I’m relieved not to have to face another long awful winter, even if it means I miss cuddling with my favorite Southerner. I think a mild Texas winter might be just right for me: I’ll get to show off my sweater collection, drink my favorite hot teas, roast potatoes for dinner, and by the time I’m starting to get a little tired of winter, it will gently fade away as spring’s warmth infuses the air. I’ll also have just enough time to get my hot oatmeal fix, which is good because I’ve fallen pretty hard for a new spin on oatmeal: creamy and porridge-like, with a generous tablespoon of pure maple syrup stirred into the oats while they cook. It’s nothing fancy, but I think it’s delicious. Sometimes, I think that when I stick with a particular recipe for a long time, like my go-to oatmeal recipe, Daphna’s Banana Oatmeal, I forget that there are other ways to enjoy the same food. I still love D’s recipe for its thick texture and sweet fruity flavor, but in the wake of all those banana oatmeal mornings, a new oatmeal recipe feels utterly refreshing. This Maple Oatmeal Porridge has a simple, rich flavor and it goes down nice and easy on cold, dark winter mornings. I’m so happy to share it with you.
Maple Oatmeal Porridge
Meticulous readers of this site may wonder if this oatmeal is derived from other oatmeal recipes. The answer is yes, of course. Many, many of my recipes are tweaked versions of other recipes that inspired me in text or in taste. Nigella Lawson once wrote that originality in cooking is highly overrated, and I’m tempted to believe her. I often think that the real purpose of food writing and sharing recipes is just to remind the reader that she should make this really tasty thing that she already knows about but maybe hasn’t thought about making recently.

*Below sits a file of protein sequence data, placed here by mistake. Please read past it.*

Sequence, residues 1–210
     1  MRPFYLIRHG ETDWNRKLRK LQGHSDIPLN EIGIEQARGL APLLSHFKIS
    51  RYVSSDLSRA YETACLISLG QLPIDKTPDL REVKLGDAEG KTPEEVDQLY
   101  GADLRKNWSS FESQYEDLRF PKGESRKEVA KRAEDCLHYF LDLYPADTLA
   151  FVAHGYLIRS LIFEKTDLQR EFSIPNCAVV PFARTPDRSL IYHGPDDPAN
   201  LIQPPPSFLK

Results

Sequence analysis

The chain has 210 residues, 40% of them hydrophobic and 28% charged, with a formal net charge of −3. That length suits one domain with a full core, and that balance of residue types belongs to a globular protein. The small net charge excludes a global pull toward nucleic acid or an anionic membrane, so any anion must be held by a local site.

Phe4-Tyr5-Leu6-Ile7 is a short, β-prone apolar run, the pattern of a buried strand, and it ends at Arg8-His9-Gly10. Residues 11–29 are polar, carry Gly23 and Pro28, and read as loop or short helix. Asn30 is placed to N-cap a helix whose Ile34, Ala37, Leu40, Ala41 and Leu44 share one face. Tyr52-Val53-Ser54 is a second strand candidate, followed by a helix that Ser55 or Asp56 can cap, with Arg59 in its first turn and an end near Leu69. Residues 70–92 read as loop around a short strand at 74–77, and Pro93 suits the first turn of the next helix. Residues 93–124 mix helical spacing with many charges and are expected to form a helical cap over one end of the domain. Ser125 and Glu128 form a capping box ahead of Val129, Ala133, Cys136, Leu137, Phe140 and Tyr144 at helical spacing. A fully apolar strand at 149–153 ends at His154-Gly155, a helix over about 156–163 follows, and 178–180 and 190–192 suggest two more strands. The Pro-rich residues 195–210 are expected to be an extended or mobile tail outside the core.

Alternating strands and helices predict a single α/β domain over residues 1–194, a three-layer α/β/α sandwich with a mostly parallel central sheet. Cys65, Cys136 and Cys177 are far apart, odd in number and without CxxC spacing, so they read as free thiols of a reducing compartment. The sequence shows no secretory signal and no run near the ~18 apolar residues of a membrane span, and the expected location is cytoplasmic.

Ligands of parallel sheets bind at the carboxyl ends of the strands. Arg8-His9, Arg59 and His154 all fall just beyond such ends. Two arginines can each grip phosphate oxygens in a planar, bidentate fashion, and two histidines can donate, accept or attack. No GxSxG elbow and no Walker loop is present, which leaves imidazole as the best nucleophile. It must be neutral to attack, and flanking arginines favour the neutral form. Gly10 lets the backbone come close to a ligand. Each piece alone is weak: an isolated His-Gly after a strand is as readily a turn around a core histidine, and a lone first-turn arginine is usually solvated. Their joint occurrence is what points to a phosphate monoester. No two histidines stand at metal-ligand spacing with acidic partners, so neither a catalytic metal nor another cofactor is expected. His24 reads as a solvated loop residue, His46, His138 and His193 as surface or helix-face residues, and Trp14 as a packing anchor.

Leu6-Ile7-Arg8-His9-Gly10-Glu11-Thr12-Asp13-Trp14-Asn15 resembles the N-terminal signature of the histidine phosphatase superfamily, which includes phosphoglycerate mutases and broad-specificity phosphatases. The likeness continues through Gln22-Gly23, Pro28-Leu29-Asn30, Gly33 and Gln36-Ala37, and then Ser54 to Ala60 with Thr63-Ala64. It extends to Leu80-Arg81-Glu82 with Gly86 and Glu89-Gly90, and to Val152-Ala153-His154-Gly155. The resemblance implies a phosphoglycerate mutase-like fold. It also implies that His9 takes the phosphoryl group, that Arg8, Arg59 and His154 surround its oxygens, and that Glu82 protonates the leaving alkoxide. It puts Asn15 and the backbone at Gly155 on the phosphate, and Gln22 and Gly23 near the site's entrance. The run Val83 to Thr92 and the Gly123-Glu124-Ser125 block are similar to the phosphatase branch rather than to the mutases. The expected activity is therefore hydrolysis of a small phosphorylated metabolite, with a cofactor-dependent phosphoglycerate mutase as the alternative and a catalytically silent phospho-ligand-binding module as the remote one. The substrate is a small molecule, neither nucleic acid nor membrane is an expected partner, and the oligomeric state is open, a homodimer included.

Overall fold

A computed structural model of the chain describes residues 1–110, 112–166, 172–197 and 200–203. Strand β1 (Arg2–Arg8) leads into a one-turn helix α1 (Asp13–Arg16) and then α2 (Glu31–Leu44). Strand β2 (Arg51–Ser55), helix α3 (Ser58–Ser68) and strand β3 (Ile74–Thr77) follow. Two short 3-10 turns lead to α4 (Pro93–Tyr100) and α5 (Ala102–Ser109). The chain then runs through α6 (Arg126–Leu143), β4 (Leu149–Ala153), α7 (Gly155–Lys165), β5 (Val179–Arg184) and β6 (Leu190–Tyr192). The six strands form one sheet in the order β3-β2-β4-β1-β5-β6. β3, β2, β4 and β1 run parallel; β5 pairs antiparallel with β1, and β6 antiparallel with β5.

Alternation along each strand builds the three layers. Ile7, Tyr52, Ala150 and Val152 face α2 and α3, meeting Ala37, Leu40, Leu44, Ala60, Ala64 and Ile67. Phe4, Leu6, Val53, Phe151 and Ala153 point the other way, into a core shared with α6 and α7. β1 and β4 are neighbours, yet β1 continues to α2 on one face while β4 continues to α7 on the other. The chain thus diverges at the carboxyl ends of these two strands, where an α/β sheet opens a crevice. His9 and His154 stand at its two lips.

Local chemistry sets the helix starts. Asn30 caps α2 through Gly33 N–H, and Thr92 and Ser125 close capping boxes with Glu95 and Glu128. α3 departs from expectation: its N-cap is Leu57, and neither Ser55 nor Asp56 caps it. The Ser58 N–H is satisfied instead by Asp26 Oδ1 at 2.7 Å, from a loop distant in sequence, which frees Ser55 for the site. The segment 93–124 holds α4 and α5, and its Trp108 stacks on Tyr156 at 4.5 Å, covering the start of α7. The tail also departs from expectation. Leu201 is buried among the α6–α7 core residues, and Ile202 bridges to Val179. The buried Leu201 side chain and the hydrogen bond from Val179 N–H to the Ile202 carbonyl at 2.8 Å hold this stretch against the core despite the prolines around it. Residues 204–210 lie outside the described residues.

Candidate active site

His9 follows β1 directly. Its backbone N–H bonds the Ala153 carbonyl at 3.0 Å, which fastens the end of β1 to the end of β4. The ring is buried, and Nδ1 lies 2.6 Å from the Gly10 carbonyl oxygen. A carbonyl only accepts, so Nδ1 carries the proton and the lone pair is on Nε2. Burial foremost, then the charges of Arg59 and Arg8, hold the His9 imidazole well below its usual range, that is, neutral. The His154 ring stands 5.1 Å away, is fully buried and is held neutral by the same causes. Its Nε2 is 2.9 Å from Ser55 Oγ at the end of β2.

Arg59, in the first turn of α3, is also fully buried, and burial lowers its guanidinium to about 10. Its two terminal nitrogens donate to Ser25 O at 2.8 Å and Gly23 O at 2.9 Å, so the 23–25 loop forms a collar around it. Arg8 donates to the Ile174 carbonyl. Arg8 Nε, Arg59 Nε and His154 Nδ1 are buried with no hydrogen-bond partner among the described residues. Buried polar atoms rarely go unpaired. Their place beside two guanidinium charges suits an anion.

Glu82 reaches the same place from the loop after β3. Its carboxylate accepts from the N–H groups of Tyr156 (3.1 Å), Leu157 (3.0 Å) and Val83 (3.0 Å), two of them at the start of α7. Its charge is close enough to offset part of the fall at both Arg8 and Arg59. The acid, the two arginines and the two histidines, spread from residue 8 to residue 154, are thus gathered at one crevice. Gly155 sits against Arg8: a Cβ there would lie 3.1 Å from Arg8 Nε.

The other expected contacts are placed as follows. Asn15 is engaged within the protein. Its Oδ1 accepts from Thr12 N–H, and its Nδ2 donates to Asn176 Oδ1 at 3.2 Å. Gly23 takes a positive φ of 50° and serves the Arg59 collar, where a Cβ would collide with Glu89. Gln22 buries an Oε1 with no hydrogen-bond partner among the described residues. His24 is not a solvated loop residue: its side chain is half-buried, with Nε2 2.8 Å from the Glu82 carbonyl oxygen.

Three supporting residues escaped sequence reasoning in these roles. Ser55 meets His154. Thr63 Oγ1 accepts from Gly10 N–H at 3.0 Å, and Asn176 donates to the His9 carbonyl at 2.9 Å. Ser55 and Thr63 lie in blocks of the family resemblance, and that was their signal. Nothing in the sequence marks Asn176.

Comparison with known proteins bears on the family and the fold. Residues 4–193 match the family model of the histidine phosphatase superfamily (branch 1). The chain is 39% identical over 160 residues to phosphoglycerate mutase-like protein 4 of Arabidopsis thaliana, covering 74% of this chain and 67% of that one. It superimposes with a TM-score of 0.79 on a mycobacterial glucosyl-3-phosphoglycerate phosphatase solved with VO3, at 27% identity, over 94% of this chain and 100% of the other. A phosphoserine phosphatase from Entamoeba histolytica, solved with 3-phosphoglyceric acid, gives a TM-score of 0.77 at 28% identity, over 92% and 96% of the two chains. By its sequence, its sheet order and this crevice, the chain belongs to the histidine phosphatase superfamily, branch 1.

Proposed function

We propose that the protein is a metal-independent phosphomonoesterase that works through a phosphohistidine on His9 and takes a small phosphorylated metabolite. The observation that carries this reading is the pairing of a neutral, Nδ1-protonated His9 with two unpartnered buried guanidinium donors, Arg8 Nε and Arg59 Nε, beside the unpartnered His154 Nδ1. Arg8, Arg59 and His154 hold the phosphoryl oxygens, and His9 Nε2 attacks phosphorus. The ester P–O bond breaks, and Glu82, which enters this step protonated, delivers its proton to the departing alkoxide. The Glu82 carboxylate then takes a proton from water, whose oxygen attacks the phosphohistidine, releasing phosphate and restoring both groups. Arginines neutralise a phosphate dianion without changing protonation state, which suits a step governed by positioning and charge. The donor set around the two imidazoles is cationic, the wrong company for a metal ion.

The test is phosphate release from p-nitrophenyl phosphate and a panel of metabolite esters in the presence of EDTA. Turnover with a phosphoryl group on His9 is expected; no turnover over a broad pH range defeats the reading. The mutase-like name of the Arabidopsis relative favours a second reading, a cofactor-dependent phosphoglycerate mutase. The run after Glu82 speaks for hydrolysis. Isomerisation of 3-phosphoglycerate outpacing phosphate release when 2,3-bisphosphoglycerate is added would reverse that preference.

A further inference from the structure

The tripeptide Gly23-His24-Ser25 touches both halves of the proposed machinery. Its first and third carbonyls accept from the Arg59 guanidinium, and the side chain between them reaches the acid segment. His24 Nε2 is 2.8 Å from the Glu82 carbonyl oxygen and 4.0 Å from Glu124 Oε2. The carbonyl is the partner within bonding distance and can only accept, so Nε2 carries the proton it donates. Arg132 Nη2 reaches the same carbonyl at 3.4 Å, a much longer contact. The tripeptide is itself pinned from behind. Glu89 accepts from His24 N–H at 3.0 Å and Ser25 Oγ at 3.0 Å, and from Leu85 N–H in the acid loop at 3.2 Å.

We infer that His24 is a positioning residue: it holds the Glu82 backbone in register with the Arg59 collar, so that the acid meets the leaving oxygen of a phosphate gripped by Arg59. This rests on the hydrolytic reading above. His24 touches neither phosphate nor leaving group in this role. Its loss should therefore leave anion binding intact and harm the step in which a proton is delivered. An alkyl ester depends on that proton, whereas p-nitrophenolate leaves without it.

Nevertheless, I’m always curious about the details behind someone’s cooking, so that’s why I like to write detail-oriented recipes. It’s not because I believe you must make my recipes my way, OR ELSE!, but rather that I love the little things about cooking. Once you understand the basic framework of a recipe, there’s so much room to play! Cooking should be fun.
Back to the recipe at hand. I’ve gotten in the habit of soaking my oats overnight, mostly because it means less work in the morning. Some say that overnight soaking makes them more digestible—I don’t know if that’s true, but I figure it doesn’t hurt to do it. With an overnight soak, the oats don’t need much cooking time. I just bring them to a bubble and cook for maybe a minute longer, which means less stirring (perfect for a lazy cook like me). If you don’t soak overnight, your cooking time will be longer.
1/2 cup old-fashioned oats
1/2 cup water
1/2 cup milk (I’ve been using 2% milk here and it makes for a really nice, creamy oatmeal)
2 pinches of salt
1/4 tsp. of vanilla
1 tbsp. pure maple syrup
Toppings, such as peanut butter or this fruit-and-nut (and grain-free) granola (I like both here)
1) Pour the oats, water, and milk into a glass measuring cup. Stir, cover, and leave out overnight for the oats to soak. (Don’t worry—the milk here won’t spoil if left out overnight.)
2) Pour the soaked oats and all the liquid into a small pot. Add the salt, vanilla, and maple syrup. Heat over medium-high heat and bring to a bubble. Turn the heat down, stir, and cook for another 30 seconds to 1 minute until the oatmeal is hot, smooth, and creamy.
3) Scrape the oatmeal into a heat-proof bowl and top with peanut butter, granola, or anything else you’d like.